Ah but Crawford of Lymond! When I discovered Lymond I read all six books in three days. This meant no sleep, I kid you not. Each one was satisfying in and of itself and showed an amazing depth of scholarship about European history. Considering that I think Dunnett wrote them over about a fourteen year period I was amazed at how well the whole saga tied together. Sometimes with a narrative that unfolds like that you get the feeling the author was saying, “everything you thought you knew was wrong, boy did I ever jerk you around!” Not so here. How people who read them as they were published managed to keep exploding from the wait, I’ll never know.
    Niccolo on the other hand I just never got into. I own Niccolo Rising but never read the rest. I think basically is that I just don’t care about renaissance Flanders and Italy and the rise of the modern banking system the way I was interest in the ties between Elizabethan Scotland and the rest of Europe.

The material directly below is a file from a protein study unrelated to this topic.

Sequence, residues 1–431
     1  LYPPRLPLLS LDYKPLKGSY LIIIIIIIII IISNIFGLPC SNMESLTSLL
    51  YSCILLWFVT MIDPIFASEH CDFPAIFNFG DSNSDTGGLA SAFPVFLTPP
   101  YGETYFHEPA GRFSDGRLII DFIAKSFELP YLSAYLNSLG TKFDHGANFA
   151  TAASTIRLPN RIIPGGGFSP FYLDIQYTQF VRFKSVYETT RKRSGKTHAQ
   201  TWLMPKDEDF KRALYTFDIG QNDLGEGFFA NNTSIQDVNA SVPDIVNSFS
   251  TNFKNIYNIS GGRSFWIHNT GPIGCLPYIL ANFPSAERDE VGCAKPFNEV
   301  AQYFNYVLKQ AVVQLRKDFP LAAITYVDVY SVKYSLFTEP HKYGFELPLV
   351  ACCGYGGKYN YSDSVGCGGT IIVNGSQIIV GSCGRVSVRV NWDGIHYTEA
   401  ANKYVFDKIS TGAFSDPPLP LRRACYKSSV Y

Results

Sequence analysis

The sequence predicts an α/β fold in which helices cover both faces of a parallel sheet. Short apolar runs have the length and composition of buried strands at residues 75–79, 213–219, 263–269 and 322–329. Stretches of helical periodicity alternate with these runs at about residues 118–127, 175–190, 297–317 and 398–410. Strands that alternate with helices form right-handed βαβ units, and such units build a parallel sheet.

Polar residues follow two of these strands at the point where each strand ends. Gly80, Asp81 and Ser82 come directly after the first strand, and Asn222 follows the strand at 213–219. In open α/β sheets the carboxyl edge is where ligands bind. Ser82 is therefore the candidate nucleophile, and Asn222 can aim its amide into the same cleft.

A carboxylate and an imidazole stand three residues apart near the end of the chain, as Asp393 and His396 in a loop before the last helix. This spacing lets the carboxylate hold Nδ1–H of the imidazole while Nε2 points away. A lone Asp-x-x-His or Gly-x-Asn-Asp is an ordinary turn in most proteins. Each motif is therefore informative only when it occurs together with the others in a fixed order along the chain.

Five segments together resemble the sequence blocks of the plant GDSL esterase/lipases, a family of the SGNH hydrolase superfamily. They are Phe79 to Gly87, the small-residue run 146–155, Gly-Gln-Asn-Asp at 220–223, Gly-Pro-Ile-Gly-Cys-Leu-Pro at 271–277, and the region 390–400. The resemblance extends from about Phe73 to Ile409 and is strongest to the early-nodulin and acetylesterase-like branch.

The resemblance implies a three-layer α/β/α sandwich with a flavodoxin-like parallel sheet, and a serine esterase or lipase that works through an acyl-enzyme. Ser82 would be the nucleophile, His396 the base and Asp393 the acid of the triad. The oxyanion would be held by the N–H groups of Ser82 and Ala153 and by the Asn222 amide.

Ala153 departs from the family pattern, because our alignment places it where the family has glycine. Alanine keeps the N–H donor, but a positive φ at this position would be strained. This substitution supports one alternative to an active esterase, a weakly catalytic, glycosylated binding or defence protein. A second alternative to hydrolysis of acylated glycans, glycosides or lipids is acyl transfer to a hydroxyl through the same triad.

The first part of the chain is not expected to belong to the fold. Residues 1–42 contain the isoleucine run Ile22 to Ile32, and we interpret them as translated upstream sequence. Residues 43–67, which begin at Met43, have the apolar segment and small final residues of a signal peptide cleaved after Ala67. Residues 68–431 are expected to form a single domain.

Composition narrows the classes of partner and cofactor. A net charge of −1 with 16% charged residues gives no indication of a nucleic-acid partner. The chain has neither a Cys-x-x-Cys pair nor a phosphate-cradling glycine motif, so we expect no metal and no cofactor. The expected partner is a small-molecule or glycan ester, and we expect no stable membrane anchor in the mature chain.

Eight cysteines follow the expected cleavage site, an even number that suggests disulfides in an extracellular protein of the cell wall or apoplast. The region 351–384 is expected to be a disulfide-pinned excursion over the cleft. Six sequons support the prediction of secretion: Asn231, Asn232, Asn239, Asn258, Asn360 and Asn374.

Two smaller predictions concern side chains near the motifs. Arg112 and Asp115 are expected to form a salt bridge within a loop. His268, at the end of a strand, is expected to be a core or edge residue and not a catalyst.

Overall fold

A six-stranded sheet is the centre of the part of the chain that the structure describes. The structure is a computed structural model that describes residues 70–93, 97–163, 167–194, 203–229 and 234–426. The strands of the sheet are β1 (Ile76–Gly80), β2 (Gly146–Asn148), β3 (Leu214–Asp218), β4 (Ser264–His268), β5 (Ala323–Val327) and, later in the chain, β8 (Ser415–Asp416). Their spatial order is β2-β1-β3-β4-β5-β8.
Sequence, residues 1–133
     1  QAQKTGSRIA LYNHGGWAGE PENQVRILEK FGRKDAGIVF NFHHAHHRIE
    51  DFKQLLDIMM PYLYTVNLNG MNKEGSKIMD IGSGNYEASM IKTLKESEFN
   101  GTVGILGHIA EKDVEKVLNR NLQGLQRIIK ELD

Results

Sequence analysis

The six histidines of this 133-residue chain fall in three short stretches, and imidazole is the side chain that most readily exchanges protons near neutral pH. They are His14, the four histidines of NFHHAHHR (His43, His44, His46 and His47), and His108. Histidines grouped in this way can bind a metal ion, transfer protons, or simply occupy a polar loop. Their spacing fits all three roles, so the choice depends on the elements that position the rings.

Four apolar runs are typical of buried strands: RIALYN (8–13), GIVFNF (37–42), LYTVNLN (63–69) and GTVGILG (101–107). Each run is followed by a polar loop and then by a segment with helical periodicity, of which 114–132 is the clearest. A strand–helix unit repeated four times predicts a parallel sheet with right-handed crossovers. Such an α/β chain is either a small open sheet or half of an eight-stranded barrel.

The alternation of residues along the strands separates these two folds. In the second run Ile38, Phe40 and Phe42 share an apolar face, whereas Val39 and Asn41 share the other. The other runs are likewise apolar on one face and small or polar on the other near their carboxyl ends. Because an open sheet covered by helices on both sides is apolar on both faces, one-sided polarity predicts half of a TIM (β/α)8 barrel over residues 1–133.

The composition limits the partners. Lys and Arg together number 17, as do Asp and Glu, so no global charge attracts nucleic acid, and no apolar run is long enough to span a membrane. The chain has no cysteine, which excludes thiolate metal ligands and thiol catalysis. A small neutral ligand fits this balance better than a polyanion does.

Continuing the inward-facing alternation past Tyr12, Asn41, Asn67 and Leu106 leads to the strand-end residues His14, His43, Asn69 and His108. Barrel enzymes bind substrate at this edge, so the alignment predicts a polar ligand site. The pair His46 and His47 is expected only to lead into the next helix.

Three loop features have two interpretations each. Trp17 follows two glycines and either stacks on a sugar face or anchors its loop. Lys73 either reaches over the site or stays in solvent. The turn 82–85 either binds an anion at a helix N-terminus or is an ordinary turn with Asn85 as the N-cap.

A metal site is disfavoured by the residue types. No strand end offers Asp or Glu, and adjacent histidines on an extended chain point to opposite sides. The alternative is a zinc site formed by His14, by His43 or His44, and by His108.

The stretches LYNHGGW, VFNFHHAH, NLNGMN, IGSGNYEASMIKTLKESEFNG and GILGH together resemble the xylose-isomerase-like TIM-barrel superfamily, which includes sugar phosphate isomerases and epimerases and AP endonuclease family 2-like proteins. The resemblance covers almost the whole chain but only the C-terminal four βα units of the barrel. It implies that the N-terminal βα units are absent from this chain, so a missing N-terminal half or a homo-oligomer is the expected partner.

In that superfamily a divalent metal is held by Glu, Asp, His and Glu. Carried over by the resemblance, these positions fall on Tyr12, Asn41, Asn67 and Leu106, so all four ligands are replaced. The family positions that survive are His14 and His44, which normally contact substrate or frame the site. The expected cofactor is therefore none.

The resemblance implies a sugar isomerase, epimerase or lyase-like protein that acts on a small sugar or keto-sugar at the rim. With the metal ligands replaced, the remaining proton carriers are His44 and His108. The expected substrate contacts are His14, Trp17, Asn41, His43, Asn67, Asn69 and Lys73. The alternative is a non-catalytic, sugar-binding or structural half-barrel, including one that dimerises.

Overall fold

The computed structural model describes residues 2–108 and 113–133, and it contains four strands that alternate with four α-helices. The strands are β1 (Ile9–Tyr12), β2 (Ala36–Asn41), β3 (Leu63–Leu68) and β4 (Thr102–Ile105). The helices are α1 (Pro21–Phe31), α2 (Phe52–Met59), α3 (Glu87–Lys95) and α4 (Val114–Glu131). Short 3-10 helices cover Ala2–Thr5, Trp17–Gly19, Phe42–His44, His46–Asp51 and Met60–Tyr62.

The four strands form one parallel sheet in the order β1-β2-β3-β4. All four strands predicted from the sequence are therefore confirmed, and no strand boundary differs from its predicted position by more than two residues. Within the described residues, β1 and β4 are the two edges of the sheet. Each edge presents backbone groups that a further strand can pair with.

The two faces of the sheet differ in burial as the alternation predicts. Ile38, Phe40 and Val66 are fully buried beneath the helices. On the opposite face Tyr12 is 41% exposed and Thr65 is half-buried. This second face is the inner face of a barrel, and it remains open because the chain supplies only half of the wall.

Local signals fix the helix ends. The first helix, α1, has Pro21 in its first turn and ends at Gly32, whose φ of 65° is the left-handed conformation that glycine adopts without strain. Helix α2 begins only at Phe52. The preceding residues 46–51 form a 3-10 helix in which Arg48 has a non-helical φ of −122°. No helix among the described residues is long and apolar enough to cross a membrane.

The point of this ramble is a suggestion that you don’t write Dunnett off so hastily. But nobody is obligated to like everything, or anything for that matter. We’re talking books here; important but not world peace.
    A lot can depend on whether you are in the mood for a [juicy romance, classic noir, period comedy of manners…fill blank in here] Some of the things I’ve read and loved in past I wouldn’t read again. I too loved CS Forester but had no patience for O’Brien. And I once read Anthony Trollope for fun (not on course lists) Not many people can say that nowadays.
    When in doubt, re-read the Hobbitt? (originally encountered at age 8)

  4. Well, I’ve been waiting until I felt inspired to tell you (and Steve) how very much I enjoy the Liad books. My husband, niece, and several friends we’ve introduced to your work, they also really enjoy the stories.